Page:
The World Bank’s ambitious land-titling project might have actually left poor Cambodians more vulnerable to land disputes and forced eviction, according to a report released today by a trio of housing-rights NGOs.
“Untitled: Tenure Insecurity and Inequality in the Cambodian Land Sector,” a report from Bridges Across Borders Southeast Asia, the Center on Housing Rights and Evictions, and Jesuit Service Cambodia, makes the case that some of Cambodia’s poorest communities were excluded from receiving land titles under the Land Management and Administration Project.
“The fact that these households do not have title is often used against them as a justification for eviction, despite the fact that many have documented rights under the law,” the 82-page report said.
The credit agreement that launched LMAP specifically stipulated that “areas where disputes are likely” should be excluded from the titling process.
LMAP’s exclusion of communities living on disputed land, “has arguably left urban and rural households that have been unable to access the new system, despite having possession rights, with weaker tenure and further exposed to accusations of being illegal ‘anarchic squatters,’” the report read.
Phnom Penh’s Dey Krahorm and Group 78 communities—evicted this year to outrage from housing-rights groups and international observers—were both cited as examples of communities that might have been negatively affected by the titling process.
The report states that there were problems with LMAP’s process for identifying and registering state land and expressed concern over the apparent absence of promised legal services to communities affected by land disputes.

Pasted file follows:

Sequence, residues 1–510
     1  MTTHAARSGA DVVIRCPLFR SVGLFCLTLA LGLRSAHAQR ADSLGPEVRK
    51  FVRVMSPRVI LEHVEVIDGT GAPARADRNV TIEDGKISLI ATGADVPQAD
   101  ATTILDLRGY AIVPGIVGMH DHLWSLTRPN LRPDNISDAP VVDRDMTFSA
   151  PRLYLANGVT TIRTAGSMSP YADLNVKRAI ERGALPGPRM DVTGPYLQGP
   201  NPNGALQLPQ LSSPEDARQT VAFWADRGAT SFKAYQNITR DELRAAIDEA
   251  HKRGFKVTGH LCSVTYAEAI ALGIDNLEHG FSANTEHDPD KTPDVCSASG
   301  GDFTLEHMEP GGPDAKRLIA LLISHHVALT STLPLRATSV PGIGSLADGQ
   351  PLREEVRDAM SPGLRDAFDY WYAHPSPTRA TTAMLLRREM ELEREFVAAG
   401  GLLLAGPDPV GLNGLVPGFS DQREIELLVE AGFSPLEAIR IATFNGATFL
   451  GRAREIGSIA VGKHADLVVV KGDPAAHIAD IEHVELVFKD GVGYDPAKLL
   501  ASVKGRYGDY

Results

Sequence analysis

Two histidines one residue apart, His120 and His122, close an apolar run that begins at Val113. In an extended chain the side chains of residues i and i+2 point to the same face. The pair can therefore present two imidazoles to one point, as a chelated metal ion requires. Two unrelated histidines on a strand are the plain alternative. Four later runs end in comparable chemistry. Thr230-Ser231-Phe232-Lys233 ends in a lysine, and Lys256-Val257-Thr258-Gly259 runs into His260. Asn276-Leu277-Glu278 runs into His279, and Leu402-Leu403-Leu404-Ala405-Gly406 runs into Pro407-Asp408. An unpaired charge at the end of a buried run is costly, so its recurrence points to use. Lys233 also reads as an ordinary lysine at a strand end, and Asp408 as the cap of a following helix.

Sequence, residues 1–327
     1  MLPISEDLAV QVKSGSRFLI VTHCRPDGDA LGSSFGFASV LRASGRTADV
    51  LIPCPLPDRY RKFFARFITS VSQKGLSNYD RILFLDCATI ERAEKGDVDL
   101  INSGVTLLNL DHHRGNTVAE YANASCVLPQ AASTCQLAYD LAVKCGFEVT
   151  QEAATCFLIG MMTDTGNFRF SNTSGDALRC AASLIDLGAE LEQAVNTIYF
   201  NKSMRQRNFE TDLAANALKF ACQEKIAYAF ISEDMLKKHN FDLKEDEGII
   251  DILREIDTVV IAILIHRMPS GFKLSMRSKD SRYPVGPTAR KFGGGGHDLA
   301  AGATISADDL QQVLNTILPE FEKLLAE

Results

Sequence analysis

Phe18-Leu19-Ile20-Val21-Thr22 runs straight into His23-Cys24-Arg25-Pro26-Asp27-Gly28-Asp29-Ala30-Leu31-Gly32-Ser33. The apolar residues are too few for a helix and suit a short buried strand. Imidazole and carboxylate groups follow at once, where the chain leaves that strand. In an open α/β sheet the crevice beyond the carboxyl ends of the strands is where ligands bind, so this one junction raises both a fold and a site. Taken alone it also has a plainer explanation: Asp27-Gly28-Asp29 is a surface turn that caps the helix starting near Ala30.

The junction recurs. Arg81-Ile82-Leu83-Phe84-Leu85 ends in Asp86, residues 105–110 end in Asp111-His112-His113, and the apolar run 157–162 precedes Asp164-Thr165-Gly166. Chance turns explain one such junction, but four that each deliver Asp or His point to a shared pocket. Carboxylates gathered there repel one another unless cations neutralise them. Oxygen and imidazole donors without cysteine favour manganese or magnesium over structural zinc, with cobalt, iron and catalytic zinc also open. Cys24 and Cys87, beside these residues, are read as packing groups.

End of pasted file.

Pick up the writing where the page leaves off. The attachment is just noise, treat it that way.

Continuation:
The Council of Ministers abruptly canceled the LMAP program at a meeting on Sept 4, four months before its scheduled end. At the time, the project had already exceeded the goal set out at its inception in 2002 of issuing 1 million land titles by the close of 2009.
Prime Minister Hun Sen later said that the government had ended the program because the Bank was too “bossy.” “[The World Bank] makes complicated conditions, make things difficult, so we’ve stopped it,” the premier said of the LMAP program in a speech on Sept 7.
In contrast, World Bank Country Director Annette Dixon said in a statement that a detailed review had found the program lacking in issuing land titles to people in poor urban areas where land disputes are frequent. “We have shared the findings of the review with the government but could not come to agreement on whether LMAP’s social and environmental safeguards should apply in some of the disputed urban areas,” Ms Dixon said.
David Pred, director of Bridges Across Borders Southeast Asia, said at the time that the World Bank and Cambodian government reached an impasse over eviction and resettlement of the Boeng Kak lake community, whose homes were deemed to be on state land that is now leased on a 99-year term to local developer Shukaku Inc.
In a press release accompanying the “Untitled” report yesterday, Mr Pred pointed to the classification of state land as one of the biggest problems with LMAP. “The mismanagement of state land has negatively impacted the poorest Cambodians most,” he said.